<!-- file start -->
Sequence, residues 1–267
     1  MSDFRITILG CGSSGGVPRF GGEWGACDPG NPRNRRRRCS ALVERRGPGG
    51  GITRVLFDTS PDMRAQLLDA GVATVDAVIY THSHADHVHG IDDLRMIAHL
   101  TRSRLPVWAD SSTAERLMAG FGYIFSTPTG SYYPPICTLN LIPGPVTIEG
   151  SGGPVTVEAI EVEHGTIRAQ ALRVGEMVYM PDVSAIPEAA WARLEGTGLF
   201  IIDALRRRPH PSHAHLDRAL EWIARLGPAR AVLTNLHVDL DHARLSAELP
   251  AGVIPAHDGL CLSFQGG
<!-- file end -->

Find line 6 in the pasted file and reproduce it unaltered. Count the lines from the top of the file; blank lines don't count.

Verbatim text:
   201  IIDALRRRPH PSHAHLDRAL EWIARLGPAR AVLTNLHVDL DHARLSAELP